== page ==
Official COVID-19 figures suggest community transmission of the coronavirus is widespread in Syria, he told the UN Security Council (UNSC), with the majority of the 2,440 cases confirmed by the Ministry of Health not traceable to any known source.

“Reports of healthcare facilities filling up, of rising numbers of death notices and burials, all seem to indicate that actual cases far exceed official figures,” he told the UNSC.

Meanwhile, healthcare workers still lack sufficient personal protective equipment (PPE) and several facilities have suspended operations due to lack of capacity and staff falling ill from COVID-19, he said.

02:43 GMT – S Korea extends coronavirus curbs as cases rise

Chung Sye-kyun, the prime minister of South Korea, has extended social distancing rules in the Seoul metropolitan area for one more week amid another triple-digit increase in daily coronavirus cases.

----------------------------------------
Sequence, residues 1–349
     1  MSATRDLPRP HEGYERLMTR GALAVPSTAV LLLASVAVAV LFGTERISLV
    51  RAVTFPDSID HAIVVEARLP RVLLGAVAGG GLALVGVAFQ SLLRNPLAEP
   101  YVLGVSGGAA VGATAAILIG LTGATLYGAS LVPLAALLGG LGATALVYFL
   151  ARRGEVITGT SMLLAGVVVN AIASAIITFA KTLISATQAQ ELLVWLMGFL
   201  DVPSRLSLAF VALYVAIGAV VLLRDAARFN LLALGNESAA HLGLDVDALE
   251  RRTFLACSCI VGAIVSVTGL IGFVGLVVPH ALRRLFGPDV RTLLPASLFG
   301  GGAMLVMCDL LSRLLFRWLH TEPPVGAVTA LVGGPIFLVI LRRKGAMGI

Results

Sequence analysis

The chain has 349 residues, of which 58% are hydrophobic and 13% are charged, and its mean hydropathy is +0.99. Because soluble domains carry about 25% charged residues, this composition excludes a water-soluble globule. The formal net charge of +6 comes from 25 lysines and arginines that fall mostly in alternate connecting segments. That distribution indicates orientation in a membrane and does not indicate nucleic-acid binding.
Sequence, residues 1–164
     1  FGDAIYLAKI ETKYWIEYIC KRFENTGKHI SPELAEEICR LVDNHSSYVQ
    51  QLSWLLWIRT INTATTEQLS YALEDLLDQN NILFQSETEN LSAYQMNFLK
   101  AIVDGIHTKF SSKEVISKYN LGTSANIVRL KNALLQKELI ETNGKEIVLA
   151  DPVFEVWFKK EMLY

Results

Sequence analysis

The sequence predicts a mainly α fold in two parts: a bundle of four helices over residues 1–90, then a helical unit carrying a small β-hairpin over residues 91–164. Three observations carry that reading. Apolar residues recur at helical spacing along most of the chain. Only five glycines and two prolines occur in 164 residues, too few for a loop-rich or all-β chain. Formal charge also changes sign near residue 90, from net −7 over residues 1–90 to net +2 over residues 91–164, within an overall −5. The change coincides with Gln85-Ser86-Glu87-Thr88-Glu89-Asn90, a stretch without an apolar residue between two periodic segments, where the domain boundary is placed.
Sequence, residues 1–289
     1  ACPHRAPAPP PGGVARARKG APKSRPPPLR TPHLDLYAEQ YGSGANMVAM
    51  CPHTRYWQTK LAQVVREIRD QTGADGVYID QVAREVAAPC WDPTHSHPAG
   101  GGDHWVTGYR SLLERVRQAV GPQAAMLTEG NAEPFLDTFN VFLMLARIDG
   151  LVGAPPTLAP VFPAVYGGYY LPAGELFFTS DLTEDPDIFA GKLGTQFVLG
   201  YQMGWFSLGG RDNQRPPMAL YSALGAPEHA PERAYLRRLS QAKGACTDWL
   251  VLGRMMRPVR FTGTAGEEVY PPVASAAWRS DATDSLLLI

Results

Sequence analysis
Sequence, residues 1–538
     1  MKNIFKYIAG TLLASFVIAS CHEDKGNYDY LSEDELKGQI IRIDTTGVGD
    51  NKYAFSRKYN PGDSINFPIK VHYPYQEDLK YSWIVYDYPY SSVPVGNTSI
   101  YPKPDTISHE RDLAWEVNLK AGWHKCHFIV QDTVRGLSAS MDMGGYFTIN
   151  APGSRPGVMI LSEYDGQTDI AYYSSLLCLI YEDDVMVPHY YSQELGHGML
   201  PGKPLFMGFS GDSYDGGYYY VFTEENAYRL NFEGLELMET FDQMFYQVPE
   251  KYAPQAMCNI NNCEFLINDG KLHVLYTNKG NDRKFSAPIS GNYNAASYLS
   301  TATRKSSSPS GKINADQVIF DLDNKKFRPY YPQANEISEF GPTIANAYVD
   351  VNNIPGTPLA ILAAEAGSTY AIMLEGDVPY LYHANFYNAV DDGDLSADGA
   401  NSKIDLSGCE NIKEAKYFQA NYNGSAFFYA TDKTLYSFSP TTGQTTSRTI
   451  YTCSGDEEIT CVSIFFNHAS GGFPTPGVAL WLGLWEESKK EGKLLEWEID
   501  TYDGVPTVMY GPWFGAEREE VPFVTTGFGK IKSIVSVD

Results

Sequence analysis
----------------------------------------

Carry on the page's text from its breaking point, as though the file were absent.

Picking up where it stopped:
The phase two restrictions, which ban gatherings of more than 50 people indoors, were due to expire this weekend.

Chung said there are growing calls to elevate the distancing requirements to the highest level on the three-phase level, but that remains “the choice of last resort given its economic and social repercussions”.

The Korea Centers for Disease Control and Prevention (KCDC) reported 371 new coronavirus cases as of midnight on Thursday, bringing the country’s total to 19,077, including 316 deaths.

02:16 GMT – US’s COVID-19 death toll passes 180,000

The United States has added 931 new coronavirus deaths in the past 24 hours, bringing the country’s total death toll to 180,527.

An additional 42,859 new infections brought its overall caseload to 5,860,397.

01:39 GMT – Curfew in Cuba’s Havana

Havana’s governor has announced an overnight curfew and a ban on travel from the Cuban capital to other provinces and greater restrictions on the circulation of vehicles in a bid to curb a new peak in coronavirus cases.